“Still stylish as always,” Jerome finally replied.

Vye pinched her lips together and frowned. “Well it may not be important to you, but I have decided that I have had my fill of rejection letters. I am giving up writing, Jerome. I will never put pen to paper again. My writing was always subpar anyway.” She sat, defeated, onto the nearest stool and put her elbows on the counter to support her chin.

Jerome suddenly took her seriously. “No more writing? You? I don’t believe it for a moment, Ms. Lavallee. You have been writing since before I knew you. You’ve put seventeen years of blood, sweat and tears into those books, you can’t just stop now because a few people that have never written a word in their life, but feel they can judge everyone else as if they are the god of the printed word, say you aren’t worth a look. There is bound to be one that is smart enough to see talent when it stares them in the face. You just have to keep at it.”

“One hundred and sixty five,” Vye responded. “One hundred and sixty five rejection letters. I’m too tired of fighting them. My stories, my imagination, just wasn’t meant to have a place in this world.”

“You don’t want to try for an even two hundred?” Jerome replied.

Vye looked at him with a death glare. “I’ll pass on an even numbered amount of rejections thanks. I should get to work anyway. Have any customers come in today?”

Jerome decided not to push the issue. He had a feeling Vye would be back at the desk in the backroom typing on the 1920s Underwood Standard typewriter within hours. Passion for writing burned in the girl’s very bones. He knew there was no way she could shut up that kind of passion for long.

“I haven’t checked the fandangled computer you set up in the back, but so far nobody in the store.” He glanced around the store. It was a two story building crammed full of every type of book imaginable. Before Vye had come to him, his store had been a mass of chaos with books piled floor to ceiling. He had a meandering path between the books that he had learned to master over the years. Vye had been appalled by the state of the store, and instead of being a customer, had immediately set to work finding order amongst Jerome’s chaos. She had come after school every day for an entire year before Jerome had the idea to actually make her an employee. Since her presence in Tytonidae’s Codex, it had become an actual business, instead of the farce of a store it had been before, harbouring mostly Jerome’s personal collection. He had never really meant for Tytonidae’s Codex to be an actual bookstore. He had made it more an outsourced library for all the books that he had collected that his wife, now passed, had decided were too much to keep in their own modest house.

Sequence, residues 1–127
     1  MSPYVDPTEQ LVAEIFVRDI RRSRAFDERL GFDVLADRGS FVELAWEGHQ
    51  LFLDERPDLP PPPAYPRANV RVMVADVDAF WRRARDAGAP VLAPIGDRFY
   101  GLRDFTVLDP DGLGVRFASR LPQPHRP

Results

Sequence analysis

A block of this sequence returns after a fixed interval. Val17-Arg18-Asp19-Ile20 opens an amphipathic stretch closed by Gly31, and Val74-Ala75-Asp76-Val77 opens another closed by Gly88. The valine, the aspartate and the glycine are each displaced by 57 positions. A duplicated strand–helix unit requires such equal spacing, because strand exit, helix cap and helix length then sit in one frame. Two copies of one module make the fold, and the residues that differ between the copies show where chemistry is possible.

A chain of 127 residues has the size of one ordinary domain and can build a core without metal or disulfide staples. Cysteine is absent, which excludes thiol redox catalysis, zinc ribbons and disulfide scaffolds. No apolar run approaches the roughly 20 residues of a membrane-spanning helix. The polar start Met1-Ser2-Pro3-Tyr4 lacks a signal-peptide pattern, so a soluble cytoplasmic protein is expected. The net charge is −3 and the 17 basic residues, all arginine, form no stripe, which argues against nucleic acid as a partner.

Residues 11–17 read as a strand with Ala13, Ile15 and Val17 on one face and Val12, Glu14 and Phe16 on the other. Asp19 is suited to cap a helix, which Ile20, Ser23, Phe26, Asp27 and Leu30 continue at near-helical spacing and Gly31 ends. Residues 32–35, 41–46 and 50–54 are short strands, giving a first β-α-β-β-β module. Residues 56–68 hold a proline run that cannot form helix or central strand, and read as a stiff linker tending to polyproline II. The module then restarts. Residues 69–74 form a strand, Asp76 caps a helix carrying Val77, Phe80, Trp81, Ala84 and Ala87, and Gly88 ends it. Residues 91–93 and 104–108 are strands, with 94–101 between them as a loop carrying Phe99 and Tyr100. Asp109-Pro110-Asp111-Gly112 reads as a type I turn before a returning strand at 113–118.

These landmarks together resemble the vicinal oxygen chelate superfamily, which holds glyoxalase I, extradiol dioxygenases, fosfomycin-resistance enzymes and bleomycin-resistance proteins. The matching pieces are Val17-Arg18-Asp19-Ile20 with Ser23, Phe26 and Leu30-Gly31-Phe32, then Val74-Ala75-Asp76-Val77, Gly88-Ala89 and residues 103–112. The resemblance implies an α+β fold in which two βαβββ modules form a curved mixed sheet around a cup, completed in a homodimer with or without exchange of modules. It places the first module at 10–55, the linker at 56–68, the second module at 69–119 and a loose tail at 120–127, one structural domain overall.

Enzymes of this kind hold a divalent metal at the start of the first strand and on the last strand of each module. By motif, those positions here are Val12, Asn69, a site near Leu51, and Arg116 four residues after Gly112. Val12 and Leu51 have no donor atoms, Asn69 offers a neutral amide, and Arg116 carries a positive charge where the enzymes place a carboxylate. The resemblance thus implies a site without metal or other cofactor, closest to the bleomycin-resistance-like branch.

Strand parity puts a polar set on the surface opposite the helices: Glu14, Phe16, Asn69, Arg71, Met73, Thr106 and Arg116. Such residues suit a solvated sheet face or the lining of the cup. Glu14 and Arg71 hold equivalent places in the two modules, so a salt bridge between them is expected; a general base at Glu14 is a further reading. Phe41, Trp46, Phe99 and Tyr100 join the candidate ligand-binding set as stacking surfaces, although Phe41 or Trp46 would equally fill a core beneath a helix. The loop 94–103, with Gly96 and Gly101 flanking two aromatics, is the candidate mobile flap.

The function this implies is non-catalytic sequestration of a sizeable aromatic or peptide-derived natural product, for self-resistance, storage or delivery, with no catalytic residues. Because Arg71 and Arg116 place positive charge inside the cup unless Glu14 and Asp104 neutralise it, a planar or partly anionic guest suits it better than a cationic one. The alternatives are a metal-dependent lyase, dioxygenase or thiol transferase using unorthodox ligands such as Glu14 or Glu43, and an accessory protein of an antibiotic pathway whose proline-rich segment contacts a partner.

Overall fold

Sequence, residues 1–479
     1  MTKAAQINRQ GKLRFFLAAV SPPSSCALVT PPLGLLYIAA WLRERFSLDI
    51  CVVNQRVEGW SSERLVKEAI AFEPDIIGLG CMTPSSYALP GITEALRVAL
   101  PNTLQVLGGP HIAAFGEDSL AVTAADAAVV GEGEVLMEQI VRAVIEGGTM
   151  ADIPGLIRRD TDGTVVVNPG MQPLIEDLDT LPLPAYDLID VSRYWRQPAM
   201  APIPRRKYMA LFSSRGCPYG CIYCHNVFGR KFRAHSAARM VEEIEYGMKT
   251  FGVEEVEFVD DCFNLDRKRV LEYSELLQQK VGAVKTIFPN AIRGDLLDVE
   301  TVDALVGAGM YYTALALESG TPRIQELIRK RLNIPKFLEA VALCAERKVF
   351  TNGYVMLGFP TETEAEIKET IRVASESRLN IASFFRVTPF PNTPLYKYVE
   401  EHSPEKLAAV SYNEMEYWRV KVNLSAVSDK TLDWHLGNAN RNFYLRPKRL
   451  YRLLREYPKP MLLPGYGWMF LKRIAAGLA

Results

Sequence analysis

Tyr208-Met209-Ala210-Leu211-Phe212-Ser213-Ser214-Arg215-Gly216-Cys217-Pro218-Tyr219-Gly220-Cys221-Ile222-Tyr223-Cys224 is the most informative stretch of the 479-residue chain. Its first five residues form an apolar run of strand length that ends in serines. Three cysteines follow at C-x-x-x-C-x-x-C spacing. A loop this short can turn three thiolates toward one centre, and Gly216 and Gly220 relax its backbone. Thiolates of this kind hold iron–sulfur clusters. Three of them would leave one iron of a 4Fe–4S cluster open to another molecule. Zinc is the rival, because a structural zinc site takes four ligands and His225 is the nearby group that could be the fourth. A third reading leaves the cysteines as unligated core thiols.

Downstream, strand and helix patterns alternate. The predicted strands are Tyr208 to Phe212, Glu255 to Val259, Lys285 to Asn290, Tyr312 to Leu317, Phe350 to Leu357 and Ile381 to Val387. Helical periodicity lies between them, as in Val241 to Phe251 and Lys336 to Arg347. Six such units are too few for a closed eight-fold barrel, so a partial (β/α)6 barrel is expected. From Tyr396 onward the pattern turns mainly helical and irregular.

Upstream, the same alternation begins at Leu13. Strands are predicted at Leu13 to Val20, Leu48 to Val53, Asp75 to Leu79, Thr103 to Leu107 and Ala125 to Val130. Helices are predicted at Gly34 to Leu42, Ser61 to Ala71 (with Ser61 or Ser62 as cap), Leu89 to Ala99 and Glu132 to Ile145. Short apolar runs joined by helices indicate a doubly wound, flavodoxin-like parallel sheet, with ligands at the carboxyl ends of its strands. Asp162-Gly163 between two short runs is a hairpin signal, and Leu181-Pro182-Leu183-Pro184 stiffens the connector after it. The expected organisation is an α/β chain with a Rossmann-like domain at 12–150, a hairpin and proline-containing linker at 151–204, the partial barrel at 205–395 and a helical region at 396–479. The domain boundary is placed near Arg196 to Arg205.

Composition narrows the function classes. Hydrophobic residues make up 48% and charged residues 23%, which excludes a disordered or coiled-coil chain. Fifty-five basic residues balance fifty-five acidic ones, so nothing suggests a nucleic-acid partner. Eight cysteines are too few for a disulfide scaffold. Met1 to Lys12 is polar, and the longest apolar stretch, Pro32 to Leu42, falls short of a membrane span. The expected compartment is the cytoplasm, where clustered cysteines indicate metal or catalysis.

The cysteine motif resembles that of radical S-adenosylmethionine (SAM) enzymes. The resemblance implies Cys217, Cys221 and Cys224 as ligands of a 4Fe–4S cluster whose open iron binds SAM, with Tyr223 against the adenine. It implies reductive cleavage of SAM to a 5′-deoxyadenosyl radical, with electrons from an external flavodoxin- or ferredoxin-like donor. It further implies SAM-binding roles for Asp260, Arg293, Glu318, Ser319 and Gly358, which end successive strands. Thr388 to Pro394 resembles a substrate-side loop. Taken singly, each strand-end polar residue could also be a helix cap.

Vye was a storm when it came to books. She couldn’t stand them having no order. Although the girl let chaos reign everywhere else in her home, her own library was alphabetized and in perfect order. No crease in any book she owned. She was known to rebind the ones that she had bought second hand with creases in their covers or stains from dirty hands. That whirlwind had cataloged Jerome’s library with unceasing ferocity. Within the first year of meeting her, she had organized every book in the store. Everything was neatly arranged on floor to ceiling shelves that covered the entire interior of the bookstore; rows and rows of books, some of which Jerome himself did not even remember owning. After the initial organization, Vye had begun the task of repairing those books that were tattered and falling apart. She found a book amongst the others which was a guide on how to repair and rebind books, and teaching herself, she got to work. Her first repairs were nothing special. They had flaws that she was always disappointed with, to the point that whenever Jerome had praised her on her work she would point out every flaw that she had made and promise to do better next time. Jerome soon learned not to give her praise, for it somehow made her more intent to perfect it the next time to the detriment of her mind. Ten years later, her work was immaculate. The best bindings he had ever seen. He was so proud how she stuck to the roots and only used the early bindings, hand stitching each book with care and love.